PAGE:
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dc.contributor.authorBalfour, Robert Johnen_US
dc.contributor.authorRule, P.
dc.contributor.authorDavey, B.
dc.date.accessioned2013-02-06T06:27:07Z
dc.date.available2013-02-06T06:27:07Z
dc.date.issued2011en_US
dc.identifier.citationBalfour, R.J. 2011. Unpacking the predominance of case study methodology in South African postgraduate education research, 1995–2004. South African Journal Of Higher Education, 25(2):301-321. [ URL ]en_US
dc.identifier.issn1011-3487
dc.identifier.urihttp://hdl.handle.net/10394/8120
dc.description.abstractThe Project Postgraduate Educational Research (PPER) data indicate that case study is the most popular methodology among South African education masters and doctorate students in the period 1995-2004. This article reflects on the reasons for the preference for case study by considering epistemological and contextual factors. It unpacks the links between the methodological choice of case study, on the one hand, and the thematic focus and sectoral location of theses, on the other. While acknowledging the strengths of case study methodology regarding manageability, depth and experiential texture, the article argues that the predominance of case study limits the applicability of research to wider questions of policy and implementation, and thus contributes to the hiddenness of students' voices in public discourse around education. It suggests ways of enhancing the wider relevance of case studies through multiple case designs, sequential case studies, mixed method designs and synoptic reviews.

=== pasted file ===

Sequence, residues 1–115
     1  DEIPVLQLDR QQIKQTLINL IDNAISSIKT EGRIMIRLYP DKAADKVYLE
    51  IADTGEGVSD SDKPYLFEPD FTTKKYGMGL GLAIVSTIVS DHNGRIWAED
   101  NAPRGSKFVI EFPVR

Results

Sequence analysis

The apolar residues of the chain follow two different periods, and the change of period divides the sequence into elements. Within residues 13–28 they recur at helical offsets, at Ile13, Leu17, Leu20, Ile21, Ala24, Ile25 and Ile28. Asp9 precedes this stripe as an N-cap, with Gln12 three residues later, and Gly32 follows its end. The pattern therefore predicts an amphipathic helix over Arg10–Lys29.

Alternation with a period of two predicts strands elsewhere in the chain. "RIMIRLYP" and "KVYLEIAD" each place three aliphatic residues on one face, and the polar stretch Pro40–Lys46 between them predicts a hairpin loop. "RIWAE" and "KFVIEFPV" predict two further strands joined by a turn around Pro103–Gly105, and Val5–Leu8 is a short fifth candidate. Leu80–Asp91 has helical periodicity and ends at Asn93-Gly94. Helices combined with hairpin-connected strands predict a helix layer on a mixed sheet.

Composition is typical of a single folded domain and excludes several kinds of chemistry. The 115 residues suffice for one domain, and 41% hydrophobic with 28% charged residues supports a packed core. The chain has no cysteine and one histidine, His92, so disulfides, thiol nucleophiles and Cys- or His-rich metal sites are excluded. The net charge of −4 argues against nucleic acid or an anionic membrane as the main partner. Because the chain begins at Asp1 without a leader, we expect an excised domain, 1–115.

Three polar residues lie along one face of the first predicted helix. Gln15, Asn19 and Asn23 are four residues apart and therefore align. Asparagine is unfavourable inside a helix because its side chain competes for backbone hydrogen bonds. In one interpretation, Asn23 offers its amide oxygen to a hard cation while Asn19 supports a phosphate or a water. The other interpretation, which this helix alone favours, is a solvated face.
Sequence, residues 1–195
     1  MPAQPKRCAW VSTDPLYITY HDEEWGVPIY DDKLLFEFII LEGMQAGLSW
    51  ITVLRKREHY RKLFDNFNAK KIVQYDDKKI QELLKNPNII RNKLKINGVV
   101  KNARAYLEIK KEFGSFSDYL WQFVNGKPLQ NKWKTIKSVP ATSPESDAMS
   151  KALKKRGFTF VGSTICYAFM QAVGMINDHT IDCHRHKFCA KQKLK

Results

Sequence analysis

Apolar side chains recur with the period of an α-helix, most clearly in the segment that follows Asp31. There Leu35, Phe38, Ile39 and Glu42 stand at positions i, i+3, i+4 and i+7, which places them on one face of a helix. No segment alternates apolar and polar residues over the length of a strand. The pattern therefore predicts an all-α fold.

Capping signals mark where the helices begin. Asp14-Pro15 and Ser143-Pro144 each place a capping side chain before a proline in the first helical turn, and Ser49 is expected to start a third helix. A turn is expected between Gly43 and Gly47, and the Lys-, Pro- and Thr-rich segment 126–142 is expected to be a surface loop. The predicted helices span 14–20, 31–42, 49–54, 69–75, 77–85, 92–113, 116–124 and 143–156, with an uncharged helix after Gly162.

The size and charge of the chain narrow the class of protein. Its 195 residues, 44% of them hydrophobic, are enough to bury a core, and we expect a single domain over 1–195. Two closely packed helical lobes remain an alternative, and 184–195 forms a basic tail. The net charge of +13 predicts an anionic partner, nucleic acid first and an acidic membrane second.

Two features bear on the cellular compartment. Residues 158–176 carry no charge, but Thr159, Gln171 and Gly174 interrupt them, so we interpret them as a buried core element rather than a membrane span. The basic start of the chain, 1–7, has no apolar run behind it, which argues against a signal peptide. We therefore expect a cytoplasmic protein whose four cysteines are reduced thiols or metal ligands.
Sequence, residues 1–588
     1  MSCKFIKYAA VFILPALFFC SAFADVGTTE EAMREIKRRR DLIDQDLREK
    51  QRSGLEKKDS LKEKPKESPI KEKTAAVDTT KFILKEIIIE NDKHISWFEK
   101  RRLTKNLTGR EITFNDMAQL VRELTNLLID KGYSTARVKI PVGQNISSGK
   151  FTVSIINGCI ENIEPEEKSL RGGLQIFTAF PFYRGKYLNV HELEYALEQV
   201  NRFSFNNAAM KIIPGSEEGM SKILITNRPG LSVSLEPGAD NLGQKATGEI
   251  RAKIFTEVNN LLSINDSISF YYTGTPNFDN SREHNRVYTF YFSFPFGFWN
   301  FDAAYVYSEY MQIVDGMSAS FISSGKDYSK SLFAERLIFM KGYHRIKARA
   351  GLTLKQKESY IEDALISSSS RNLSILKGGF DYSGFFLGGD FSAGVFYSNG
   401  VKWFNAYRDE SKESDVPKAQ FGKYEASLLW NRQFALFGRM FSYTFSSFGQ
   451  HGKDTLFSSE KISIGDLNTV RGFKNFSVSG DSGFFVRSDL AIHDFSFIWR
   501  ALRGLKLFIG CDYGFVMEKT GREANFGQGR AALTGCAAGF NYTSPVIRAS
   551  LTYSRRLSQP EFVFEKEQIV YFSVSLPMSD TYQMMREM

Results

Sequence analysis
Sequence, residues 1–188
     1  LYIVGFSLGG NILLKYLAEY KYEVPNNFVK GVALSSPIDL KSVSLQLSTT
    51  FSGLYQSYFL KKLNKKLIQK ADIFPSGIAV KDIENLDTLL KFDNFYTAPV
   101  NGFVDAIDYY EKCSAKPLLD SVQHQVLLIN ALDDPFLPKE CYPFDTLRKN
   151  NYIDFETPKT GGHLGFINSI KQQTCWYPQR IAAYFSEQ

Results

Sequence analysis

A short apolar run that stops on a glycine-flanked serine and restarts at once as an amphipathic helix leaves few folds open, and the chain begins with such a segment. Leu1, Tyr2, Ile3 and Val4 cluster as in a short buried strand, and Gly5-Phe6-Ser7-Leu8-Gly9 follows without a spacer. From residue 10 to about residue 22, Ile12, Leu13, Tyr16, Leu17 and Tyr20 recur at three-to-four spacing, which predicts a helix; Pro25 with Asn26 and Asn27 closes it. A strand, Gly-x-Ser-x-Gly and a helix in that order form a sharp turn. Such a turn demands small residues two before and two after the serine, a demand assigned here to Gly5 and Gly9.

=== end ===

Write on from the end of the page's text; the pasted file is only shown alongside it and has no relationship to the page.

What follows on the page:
dc.languageEnglish
dc.publisherUnisa
dc.titleUnpacking the predominance of case study methodology in South African postgraduate education research, 1995–2004en_US
dc.typeAbstract


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